Ireland vs Lithuania, World Cup qualifier, 20/08/1997
Cork City (x3) and Galway United (right):

Ireland vs Romania, World Cup qualifier, 11/10/1997
Galway United (left), Cork City (centre):

Malta vs Ireland, Euro qualifier, 08/09/1999
Galway United (right):

Andorra vs Ireland, World Cup qualifier, 28/03/2001
Galway United:

In 2003, the FAI embarked upon an initiative to involve the supporters of the League of Ireland more at international matches. The result was a brief golden age of co-operation, with many LoI club banners – including some of the country’s top ultras groups’ side by side – and “tifo flags” visible at games throughout the year in Lansdowne Road, along with several card displays, creating one of the stadium’s most aesthetically interesting periods.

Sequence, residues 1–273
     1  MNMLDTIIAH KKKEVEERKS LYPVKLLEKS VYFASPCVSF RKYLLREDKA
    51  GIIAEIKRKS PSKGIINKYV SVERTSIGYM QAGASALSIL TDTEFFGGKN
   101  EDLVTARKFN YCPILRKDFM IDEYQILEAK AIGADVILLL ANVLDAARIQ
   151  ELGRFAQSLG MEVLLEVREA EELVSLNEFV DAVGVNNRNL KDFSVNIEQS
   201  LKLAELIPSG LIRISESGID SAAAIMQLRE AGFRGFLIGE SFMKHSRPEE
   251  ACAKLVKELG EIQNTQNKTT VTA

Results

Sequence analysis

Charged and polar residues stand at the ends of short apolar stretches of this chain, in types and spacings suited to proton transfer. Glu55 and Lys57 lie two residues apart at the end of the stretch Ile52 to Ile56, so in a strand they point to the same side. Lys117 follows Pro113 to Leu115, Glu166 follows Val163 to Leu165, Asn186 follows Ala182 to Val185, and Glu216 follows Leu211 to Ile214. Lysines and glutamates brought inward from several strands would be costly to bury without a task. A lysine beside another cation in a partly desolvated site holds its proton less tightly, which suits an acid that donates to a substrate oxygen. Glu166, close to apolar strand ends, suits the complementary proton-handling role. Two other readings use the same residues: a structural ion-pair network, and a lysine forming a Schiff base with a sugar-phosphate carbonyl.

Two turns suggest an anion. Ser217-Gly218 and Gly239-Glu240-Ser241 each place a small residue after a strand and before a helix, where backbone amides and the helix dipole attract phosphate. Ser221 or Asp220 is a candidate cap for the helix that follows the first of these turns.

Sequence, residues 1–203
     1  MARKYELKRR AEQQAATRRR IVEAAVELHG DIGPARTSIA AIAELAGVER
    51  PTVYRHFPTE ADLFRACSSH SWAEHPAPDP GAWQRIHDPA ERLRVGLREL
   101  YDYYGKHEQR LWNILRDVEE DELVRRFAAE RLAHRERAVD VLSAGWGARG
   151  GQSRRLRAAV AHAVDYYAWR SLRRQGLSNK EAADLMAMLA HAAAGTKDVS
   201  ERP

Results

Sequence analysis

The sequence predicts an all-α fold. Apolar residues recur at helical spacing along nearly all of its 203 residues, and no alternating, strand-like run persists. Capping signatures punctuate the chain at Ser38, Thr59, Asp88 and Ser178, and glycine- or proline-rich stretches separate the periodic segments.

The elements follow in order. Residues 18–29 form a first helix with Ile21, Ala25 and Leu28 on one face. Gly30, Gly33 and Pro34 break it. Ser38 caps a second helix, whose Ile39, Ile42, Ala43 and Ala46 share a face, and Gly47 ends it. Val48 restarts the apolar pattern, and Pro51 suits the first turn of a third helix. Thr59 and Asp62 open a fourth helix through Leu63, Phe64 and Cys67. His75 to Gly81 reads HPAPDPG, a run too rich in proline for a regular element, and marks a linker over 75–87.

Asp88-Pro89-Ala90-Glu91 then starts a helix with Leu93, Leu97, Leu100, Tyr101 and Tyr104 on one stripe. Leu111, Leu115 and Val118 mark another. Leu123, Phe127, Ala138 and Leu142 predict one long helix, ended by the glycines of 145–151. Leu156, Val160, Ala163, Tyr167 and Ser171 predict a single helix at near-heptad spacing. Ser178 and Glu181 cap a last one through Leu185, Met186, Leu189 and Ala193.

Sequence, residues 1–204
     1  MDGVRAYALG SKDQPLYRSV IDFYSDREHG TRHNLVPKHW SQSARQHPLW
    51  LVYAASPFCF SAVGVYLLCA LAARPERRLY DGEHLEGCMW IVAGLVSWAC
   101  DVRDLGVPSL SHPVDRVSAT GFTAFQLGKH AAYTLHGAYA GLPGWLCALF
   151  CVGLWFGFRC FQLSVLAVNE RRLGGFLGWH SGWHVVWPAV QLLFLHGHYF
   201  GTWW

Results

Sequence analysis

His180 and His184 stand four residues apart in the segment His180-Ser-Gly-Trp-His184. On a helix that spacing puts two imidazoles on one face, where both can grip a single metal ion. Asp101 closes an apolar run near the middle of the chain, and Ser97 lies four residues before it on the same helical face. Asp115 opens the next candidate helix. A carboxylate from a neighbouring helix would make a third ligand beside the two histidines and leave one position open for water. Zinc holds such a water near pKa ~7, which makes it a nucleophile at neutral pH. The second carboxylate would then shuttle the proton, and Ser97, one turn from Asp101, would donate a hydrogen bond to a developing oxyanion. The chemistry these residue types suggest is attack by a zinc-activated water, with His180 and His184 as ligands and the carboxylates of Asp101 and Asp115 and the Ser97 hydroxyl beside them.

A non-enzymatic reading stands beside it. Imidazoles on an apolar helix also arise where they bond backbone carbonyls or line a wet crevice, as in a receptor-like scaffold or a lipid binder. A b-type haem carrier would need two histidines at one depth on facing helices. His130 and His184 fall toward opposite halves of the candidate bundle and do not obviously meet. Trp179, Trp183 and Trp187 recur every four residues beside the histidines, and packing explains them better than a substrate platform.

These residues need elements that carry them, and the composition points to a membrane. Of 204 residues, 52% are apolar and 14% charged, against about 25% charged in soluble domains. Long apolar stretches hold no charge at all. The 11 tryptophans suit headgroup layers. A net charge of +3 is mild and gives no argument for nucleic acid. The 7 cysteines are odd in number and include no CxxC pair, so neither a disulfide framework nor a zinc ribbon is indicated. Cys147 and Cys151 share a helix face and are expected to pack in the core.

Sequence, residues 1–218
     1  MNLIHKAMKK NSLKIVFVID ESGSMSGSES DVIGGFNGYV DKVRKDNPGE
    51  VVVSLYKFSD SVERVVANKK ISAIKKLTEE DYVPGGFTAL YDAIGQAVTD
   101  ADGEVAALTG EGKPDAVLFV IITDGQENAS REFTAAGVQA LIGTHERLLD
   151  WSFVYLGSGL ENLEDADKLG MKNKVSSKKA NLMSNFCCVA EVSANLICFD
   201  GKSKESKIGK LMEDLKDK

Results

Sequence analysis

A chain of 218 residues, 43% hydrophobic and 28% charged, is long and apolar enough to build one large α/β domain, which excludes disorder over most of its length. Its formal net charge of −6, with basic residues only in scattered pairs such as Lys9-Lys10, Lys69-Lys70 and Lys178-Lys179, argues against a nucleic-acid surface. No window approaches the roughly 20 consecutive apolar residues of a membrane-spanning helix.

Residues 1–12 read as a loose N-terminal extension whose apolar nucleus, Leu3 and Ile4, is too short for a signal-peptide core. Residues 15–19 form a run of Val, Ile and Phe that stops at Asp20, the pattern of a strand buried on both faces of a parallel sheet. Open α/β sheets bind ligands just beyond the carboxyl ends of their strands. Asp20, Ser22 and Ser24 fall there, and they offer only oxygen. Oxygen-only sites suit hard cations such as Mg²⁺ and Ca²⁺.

The appointment of “League of Ireland man” Brian Kerr as national team manager might have helped make this possible, as now fans of the country’s oft-beleaguered league were coming together in support along with many Ireland fans who openly sneered at their own beloved nation’s top flight in favour of English football. Before long, however, most of the domestic supporters abandoned the project due the inherent nature of having to deal with the FAI (which is only becoming apparent to casual fans recently at the time of writing due to a recent scandal), and Landsdowne Road’s redevelopment in 2007 sealed this chapter of history for good.

Ireland vs Albania, Euro qualifier, 07/06/2003
Shed End Invincibles, St Patrick’s Athletic:


Shamrock Rovers (Hoops on Tour):
ireland-albania-2003-b

Athlone Town: